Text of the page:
Soup’s On | Food Newsfeed
Continue to Site
Blount Fine Foods

Soup’s On

Underline Image
Signature recipes can attract new customers and increase profits.
By Davina van Buren October 11, 2016 Sponsored by Blount Fine Foods

As much as American love summer, autumn has an equally loyal following. In recent years, the annual countdown until “pumpkin spice” season has become a national obsession.

Cooler weather signifies change, making it the perfect time to introduce new menu items and limited-time offers (LTOs). Soups make an excellent addition to almost any fall menu lineup. Not only do they complement salads and sandwiches, heartier versions can be enjoyed as entrees on their own.

“It’s ingrained in our society that come fall and football season, people think about soups, chilis, tailgating, and the holidays—it’s part of Americana,” says Bob Sewall, executive vice president of sales and marketing for Blount Fine Foods. “It’s time to optimize LTOs for the holiday season, expand menus, and keep customers happy.”

One way operators can do that is by offering cleaner, healthier menu choices. “One of the biggest trends out there is more vegan and plant-forward options,” says Sewall. Fall soups like butternut bisque, mushroom barley, sweet potato and corn chowder, tomato-zucchini, and hearty vegetable provide much-appreciated options for herbivores—and if they’re delicious enough, meat lovers will enjoy them, too.

Along with providing customers with healthy options, vegetable-based soups can help operators capitalize on the holiday season. In today’s diverse families, you may have a vegan seated next to a hunter at the Thanksgiving table, so it’s important to offer options.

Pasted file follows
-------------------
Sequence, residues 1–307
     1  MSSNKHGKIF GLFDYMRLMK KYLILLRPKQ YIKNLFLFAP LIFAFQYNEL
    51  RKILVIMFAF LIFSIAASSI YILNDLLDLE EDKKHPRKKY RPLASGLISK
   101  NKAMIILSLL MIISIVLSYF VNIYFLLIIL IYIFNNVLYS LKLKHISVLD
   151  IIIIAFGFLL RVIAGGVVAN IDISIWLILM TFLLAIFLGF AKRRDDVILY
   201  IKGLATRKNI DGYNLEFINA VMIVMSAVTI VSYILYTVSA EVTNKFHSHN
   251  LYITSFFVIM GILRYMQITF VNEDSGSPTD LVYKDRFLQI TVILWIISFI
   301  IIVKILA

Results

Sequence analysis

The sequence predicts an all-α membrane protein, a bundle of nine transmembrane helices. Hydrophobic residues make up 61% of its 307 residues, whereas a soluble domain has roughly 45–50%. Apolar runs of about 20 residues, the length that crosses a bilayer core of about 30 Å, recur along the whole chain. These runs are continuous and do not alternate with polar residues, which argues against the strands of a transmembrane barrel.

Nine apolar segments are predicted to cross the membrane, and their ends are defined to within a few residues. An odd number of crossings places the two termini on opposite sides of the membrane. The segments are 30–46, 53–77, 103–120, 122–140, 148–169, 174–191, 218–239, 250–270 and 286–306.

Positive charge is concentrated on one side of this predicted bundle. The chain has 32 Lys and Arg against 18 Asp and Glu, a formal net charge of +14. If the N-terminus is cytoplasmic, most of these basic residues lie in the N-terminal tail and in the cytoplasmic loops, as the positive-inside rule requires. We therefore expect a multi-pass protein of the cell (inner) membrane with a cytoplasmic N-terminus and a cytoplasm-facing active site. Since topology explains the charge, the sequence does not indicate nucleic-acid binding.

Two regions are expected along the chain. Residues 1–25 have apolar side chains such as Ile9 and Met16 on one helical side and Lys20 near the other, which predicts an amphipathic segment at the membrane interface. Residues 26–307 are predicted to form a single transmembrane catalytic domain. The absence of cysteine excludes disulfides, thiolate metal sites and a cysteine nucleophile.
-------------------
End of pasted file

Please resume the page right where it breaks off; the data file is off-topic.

“It used to be that certain vegetables like pumpkin and butternut squash were only available during the fall and winter season,” Sewall says. “Even though it isn’t that way anymore, these offerings still lend themselves to LTOs and allow operators to expand the menu and offer people different things.”

Blount Fine Foods makes it easy for operators to experiment with new flavors. Its line of soups and starters come in a wide range of inspired varieties that taste as fresh as if made in your own kitchen. Sourcing ingredients and preparing soups of such high quality would require hours of kitchen labor, but operators can save time and money by letting Blount do what it does best—produce wholesome, clean label products that can be shipped ready-to-heat to a restaurant’s door.

In addition to dozens of traditional soups, Blount also offers a full line of organic options that appeal to health and environmentally-conscious diners. Options like ancient grain minestrone, lentil and chickpea soup, and vegetarian chili use lesser-known, highly nutritious ingredients. All soups in Blount’s organic line are made with non-GMO ingredients, which can be another attractive selling point.

Blount is also in tune with other trends, like ethnic and regional twists on American favorites. Think Peruvian-style chicken soup, pasta e fagioli, Charleston she-crab soup, and Rhode Island clear clam chowder. The company can also partner with restaurants to create custom recipes specifically for their establishment. Whether standard or signature recipe, all products are guaranteed not to have shrink.

Sewall suggest operators feature soups on daily special boards, and have servers taste the product so they can offer insight. “Food is more fashionable than ever, especially with the popularity of television cooking shows,” he says. “If you’re not doing these things, your customers are going to notice.”